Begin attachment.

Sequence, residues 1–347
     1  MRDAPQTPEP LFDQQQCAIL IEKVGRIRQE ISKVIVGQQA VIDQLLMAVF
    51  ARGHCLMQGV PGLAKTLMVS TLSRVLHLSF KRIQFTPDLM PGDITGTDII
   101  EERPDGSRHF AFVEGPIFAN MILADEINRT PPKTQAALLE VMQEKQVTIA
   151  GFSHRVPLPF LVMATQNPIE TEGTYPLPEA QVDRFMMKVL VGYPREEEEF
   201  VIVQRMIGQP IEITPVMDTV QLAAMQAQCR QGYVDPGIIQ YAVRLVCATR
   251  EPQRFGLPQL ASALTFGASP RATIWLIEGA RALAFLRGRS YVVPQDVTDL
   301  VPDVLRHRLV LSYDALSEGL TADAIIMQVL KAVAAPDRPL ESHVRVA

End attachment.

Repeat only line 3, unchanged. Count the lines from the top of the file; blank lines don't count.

    51  ARGHCLMQGV PGLAKTLMVS TLSRVLHLSF KRIQFTPDLM PGDITGTDII